WT74 11/15 pg 704 Question From Readers (yeah, right!)
? Do lewd practices on the part of a married person toward that one’s own mate constitute a Scriptural basis for the offended mate to get a divorce?
There are times when lewd practices within the marriage arrangement would provide a basis for a Scriptural divorce. Of course, the Holy Scriptures do not encourage divorce nor do they command the innocent party to divorce a mate who engages in adultery or gross sexual perversion.
Regarding divorce, Jesus Christ stated: “Whoever divorces his wife, except on the ground of fornication, and marries another commits adultery.” (Matt. 19:9) “Everyone divorcing his wife, except on account of fornication, makes her a subject for adultery, and whoever marries a divorced woman commits adultery.”—Matt. 5:32.
Thus “fornication” is set forth as the only ground for divorce. In the common Greek in which Jesus’ words are recorded, the term “fornication” is por?nei′a, which designates all forms of immoral sexual relations, perversions and lewd practices such as might be carried on in a house of prostitution, including oral and anal copulation.
As to Jesus’ statements about divorce, they do not specify with whom the “fornication” or por?nei′a is practiced. They leave the matter open. That por?nei′a can rightly be considered as including perversions within the marriage arrangement is seen in that the man who forces his wife to have unnatural sex relations with him in effect “prostitutes” or “debauches” her. This makes him guilty of por?nei′a, for the related Greek verb por?neu′o means “to prostitute, debauch.”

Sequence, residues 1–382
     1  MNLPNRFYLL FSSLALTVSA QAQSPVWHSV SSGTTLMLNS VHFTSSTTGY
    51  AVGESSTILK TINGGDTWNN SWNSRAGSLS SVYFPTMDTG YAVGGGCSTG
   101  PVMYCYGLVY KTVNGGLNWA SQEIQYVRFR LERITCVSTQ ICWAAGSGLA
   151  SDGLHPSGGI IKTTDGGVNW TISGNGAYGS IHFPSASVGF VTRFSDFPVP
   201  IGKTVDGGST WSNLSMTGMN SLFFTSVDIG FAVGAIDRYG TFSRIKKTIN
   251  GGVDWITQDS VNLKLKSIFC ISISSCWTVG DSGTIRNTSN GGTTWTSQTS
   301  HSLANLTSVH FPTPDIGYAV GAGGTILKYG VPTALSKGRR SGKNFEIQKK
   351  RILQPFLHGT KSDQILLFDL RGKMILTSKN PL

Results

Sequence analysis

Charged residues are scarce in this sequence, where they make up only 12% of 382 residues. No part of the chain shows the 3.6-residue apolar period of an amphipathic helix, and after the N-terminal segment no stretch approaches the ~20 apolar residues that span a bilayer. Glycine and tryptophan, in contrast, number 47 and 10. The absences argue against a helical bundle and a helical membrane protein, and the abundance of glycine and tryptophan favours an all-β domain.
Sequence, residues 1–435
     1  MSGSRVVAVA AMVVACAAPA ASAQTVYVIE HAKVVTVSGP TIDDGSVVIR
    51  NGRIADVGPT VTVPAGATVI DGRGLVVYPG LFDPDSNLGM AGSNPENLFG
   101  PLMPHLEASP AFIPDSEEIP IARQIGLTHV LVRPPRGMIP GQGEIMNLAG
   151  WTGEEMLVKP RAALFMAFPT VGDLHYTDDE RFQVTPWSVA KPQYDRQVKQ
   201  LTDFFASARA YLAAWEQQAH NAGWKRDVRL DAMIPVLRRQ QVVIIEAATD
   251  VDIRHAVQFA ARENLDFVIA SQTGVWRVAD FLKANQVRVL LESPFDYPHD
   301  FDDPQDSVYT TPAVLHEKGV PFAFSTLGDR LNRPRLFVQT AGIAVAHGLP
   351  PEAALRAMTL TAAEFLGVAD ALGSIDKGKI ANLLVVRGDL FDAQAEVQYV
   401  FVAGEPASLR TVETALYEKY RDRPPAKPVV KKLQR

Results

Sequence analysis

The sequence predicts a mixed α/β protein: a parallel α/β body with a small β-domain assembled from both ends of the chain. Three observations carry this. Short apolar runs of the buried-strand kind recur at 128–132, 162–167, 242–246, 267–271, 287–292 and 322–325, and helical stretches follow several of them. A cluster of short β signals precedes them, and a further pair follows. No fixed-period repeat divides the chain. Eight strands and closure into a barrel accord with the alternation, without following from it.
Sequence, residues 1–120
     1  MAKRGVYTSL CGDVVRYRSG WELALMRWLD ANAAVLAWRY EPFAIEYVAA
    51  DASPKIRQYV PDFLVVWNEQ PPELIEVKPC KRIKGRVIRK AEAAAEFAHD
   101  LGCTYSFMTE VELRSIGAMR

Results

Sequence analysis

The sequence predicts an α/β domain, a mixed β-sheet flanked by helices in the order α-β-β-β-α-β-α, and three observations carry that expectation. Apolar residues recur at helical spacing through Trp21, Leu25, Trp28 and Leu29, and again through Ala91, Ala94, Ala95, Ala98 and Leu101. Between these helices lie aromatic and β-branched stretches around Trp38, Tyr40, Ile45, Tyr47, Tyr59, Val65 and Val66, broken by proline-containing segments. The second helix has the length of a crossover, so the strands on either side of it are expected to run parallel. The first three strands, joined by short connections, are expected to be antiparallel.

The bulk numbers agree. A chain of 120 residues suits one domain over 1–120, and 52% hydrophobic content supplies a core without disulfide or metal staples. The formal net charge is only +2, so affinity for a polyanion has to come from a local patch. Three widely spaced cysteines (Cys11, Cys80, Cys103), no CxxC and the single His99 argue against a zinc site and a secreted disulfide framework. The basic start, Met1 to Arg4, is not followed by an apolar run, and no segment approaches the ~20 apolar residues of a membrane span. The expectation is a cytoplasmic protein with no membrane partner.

Hence, circumstances could arise that would make lewd practices of a married person toward that one’s marriage mate a Scriptural basis for divorce. For example, a wife may do what she reasonably can to prevent her husband from forcing upon her perversions such as are carried on in a brothel. Yet, due to his greater strength, he might overpower her and use her for perverted sex. So as not to be prostituted in this way at another time, a Christian wife may decide to get a divorce. She could establish with the congregation that the real reason for this is por?nei′a and then proceed to get a legal divorce on any truthful grounds acceptable to the courts of the land.
If, on the other hand, the lewd practices were engaged in by mutual consent, neither mate would have a basis for claiming por?nei′a as a Scriptural ground for divorce. This is so because neither party is innocent and seeking freedom from a mate guilty of por?nei′a. Both marriage partners are guilty. Such a case, if brought to the attention of elders in the congregation, would be handled like any other serious wrongdoing.